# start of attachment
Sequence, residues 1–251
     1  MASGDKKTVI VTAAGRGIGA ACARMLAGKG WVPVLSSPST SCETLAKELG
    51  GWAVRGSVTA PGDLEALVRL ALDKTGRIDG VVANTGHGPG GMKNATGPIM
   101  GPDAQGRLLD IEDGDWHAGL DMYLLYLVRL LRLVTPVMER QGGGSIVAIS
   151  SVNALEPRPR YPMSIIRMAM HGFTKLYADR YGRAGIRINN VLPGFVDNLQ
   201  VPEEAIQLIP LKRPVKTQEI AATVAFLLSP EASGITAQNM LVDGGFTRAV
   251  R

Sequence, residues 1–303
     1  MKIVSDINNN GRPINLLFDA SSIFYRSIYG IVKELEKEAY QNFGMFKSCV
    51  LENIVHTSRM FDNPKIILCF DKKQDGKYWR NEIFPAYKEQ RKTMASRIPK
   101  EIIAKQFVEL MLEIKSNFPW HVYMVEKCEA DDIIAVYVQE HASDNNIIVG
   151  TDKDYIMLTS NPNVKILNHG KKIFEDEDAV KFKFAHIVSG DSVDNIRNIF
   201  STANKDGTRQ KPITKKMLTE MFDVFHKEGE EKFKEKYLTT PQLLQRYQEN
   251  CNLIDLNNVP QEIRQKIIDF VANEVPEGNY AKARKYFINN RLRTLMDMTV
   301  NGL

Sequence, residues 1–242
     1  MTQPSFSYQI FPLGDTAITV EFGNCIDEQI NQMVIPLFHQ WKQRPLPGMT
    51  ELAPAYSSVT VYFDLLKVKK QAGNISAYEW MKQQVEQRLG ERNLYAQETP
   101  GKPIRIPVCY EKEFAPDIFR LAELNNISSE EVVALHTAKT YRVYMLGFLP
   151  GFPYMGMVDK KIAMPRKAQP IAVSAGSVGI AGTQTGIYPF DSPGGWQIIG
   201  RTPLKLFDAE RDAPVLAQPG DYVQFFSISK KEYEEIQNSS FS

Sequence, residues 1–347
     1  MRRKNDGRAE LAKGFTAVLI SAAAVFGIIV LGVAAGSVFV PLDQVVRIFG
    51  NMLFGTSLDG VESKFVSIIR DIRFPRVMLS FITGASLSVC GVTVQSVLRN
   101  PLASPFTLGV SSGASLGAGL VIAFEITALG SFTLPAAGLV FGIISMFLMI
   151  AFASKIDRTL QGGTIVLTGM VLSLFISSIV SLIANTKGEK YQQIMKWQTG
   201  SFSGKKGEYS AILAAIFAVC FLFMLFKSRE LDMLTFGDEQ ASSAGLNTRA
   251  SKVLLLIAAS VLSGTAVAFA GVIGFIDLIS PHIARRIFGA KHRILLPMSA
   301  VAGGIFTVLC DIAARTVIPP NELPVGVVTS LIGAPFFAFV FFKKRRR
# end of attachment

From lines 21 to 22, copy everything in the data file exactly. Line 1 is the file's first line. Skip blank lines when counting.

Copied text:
   201  RTPLKLFDAE RDAPVLAQPG DYVQFFSISK KEYEEIQNSS FS

Sequence, residues 1–347